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[P]
UK to relax marijuana restrictions

By Signal 11 in News
Sat Jun 16, 2001 at 06:51:36 AM EST
Tags: Freedom (all tags)
Freedom

UK citizens may get relaxed penalties for maijuana possession, the BBC reports. Users would have their illegal drugs confinscated, but be let off with a warning after signing a form -- no charges would be pressed. Main reason for this? Frees officers' time to go after more serious crimes.


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UK to relax marijuana restrictions | 30 comments (23 topical, 7 editorial, 0 hidden)
Maybe with the UK and Canada... (4.00 / 5) (#1)
by Xeriar on Fri Jun 15, 2001 at 04:06:58 PM EST

Doing stuff like this the US can appear backwards enough to convince Congress that hemp regulation is moronic.

I'm feeling optimistic today :-)

----
When I'm feeling blue, I start breathing again.

I'll believe that... (2.00 / 2) (#2)
by jd on Fri Jun 15, 2001 at 04:22:05 PM EST

...when GWB advocates the abolition of the DP for the same reason, or gives California the resources it needs to actually run, even if it did vote against him.

[ Parent ]
california (3.00 / 1) (#10)
by Delirium on Fri Jun 15, 2001 at 04:49:51 PM EST

I was with you up until the California comment. We fucked it up in California, and I don't think it's necessarily the rest of the country's job to bail us out. Price controls have never worked either; Nixon's disastrous attempt at them proved that.

[ Parent ]
incoming telegraph from Planet Earth (2.00 / 1) (#19)
by anonymous cowerd on Fri Jun 15, 2001 at 09:51:21 PM EST

Price controls have never worked either...

Where do you get this, um, stuff? The electric power industry in the U.S.A. has been heavily regulated and price controlled from coast to coast for half a century now. Are you telling me that it has been a failure? That citizens can't get reliable power? or that it costs too much? or that the long-suffering power companies have been going broke right and left for the last few decades?

California's power supply got screwed up only after deregulation. And that was as a result of sheer blatant banditry. If the people of California had any sense, which of course they don't (hey, it's the U.S.A.) they'd demand that their government revoke the corporate charters of the power generation companies and they'd nationalize them.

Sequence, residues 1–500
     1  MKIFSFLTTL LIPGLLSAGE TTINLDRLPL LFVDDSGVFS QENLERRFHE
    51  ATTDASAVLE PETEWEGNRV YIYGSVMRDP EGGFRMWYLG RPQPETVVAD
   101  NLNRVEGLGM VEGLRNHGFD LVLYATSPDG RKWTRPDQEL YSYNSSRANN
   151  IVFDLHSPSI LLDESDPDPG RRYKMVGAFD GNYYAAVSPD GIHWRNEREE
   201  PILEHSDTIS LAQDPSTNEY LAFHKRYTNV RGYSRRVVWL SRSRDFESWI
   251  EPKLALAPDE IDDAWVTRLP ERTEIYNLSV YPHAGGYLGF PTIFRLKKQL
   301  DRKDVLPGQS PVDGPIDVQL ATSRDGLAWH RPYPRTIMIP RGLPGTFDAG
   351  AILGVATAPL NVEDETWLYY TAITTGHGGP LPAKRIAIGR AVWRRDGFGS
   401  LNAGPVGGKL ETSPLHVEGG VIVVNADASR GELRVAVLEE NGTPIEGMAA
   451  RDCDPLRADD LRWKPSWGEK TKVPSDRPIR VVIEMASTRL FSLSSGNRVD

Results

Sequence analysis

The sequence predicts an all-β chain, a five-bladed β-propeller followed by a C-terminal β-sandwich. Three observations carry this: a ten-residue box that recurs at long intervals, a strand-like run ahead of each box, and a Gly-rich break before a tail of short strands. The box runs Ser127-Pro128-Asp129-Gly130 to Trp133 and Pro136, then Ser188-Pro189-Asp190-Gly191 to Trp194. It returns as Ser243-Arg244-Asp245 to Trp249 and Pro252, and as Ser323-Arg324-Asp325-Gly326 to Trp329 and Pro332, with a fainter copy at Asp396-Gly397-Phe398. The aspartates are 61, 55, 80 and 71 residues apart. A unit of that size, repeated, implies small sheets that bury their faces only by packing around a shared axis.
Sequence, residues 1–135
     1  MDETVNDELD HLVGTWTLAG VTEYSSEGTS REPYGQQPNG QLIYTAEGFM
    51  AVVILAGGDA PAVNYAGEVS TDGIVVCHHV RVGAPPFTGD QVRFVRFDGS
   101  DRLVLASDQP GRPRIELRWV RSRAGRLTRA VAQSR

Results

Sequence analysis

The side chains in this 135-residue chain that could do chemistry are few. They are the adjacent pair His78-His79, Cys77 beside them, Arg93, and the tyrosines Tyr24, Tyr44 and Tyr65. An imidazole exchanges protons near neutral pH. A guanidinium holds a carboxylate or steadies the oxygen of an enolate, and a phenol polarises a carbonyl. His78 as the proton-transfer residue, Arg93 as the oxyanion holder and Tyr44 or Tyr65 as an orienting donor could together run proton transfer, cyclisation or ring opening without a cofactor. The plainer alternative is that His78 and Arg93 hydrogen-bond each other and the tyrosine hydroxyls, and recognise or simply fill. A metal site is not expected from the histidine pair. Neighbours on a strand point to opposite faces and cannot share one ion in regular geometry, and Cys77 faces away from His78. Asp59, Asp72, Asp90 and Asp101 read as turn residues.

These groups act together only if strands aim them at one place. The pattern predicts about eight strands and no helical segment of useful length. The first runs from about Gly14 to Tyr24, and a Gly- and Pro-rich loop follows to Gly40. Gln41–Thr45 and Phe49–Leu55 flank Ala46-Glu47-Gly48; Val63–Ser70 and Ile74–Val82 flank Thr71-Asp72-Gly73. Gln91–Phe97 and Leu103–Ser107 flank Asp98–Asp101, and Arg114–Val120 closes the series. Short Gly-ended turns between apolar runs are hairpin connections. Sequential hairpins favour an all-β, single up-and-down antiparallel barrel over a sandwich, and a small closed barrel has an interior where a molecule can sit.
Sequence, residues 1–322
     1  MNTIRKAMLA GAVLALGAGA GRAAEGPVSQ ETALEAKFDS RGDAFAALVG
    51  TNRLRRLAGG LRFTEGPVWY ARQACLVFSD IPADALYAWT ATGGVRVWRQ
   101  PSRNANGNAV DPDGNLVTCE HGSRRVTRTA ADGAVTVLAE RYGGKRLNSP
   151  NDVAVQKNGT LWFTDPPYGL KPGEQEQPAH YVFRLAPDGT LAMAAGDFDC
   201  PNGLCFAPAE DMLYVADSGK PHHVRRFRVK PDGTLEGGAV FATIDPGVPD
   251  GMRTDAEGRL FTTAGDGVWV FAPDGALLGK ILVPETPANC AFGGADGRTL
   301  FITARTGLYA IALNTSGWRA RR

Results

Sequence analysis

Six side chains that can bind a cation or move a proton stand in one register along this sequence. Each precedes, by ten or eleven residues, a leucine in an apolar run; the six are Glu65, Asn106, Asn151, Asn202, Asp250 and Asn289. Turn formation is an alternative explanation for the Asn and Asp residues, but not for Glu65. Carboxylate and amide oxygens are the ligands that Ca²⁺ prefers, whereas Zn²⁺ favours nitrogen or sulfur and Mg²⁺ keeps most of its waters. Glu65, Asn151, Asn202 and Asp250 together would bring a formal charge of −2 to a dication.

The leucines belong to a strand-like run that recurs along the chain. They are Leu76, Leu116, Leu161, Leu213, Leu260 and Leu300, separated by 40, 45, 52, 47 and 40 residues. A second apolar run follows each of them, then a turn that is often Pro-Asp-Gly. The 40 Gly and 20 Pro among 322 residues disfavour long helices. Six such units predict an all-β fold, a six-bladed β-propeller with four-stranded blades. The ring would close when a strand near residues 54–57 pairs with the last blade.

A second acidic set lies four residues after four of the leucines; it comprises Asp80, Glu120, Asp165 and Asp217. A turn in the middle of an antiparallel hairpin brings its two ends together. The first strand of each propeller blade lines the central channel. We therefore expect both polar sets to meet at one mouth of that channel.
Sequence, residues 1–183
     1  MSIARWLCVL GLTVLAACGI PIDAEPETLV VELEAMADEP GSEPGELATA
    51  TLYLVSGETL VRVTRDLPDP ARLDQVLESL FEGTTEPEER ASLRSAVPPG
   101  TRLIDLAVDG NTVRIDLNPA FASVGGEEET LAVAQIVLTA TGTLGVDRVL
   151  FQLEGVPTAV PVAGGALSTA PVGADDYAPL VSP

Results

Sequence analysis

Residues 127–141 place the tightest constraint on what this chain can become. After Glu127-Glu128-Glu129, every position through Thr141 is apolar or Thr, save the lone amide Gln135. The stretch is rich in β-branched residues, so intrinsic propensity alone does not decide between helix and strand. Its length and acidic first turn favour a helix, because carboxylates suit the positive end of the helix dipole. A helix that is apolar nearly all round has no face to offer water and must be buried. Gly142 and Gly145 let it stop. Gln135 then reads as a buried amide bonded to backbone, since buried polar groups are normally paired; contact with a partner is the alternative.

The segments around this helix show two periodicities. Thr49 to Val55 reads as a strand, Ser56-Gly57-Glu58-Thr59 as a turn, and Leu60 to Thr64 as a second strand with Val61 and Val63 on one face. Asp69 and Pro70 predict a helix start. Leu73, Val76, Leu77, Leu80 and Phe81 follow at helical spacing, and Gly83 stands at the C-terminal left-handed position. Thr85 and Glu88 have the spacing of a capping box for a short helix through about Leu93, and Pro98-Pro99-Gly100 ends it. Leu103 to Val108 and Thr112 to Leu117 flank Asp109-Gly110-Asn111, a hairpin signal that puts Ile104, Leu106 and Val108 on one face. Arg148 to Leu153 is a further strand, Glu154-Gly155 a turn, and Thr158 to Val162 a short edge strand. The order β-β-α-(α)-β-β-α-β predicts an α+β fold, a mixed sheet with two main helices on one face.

Yours WDK - WKiernan@concentric.net

stint grits
darts file
gratis ways to fit tins
dapper angle
ill apple
-Barbara Baracks

[ Parent ]

price caps (3.00 / 1) (#20)
by Delirium on Sat Jun 16, 2001 at 02:26:28 AM EST

I did not mean an entire system of regulated prices is unworkable; I meant temporary price caps in response to high market prices does not work. Reimplementing the entire regulated energy system might well work (albeit be inefficient, as previously), but just imposing price caps will not. The last time price caps were imposed due to high energy prices was in the 1970s, when Richard Nixon imposed them due to high oil prices; all they led to was more shortages due to artificially low prices. What should be done is pricing at market levels - when cost goes up, pass that on. As consumers realize their electricity is no longer dirty-cheap, maybe they won't air condition their house down to 72 or some other such irresponsible waste of electricity. If prices are kept artificially low, demand will not decrease, and more detrimentally, supply will not increase either.

[ Parent ]
You do need to watch your semantics... (2.00 / 1) (#24)
by Xeriar on Sat Jun 16, 2001 at 12:26:12 PM EST

For down the other path lies madness.

Oh wait, didn't notice your handle.

I'm sorry, I just could not resist that. :-)

----
When I'm feeling blue, I start breathing again.
[ Parent ]

Nah... what about the economic impact? (3.60 / 5) (#3)
by Nafai on Fri Jun 15, 2001 at 04:26:18 PM EST

Ending hemp regulation would kill (tens of?) thousands of law enforcement jobs, not to mention eliminate the millions of dollars paid in fines each year.

In addition, half of all those incredibly expensive federal prison's would get shut down. Prison guards need to put food on the table, too! And the workers that USGov hires to keep tabs on the pot users.

And the worst part, our US government would no longer have $billions to spend on buying influence in other countries.

-----------

I could go on and on, but I think our US stupidity is already readily apparent... here's to hoping your optimism becomes reality




[ Parent ]
hemp != marijuana (3.00 / 1) (#8)
by YelM3 on Fri Jun 15, 2001 at 04:44:17 PM EST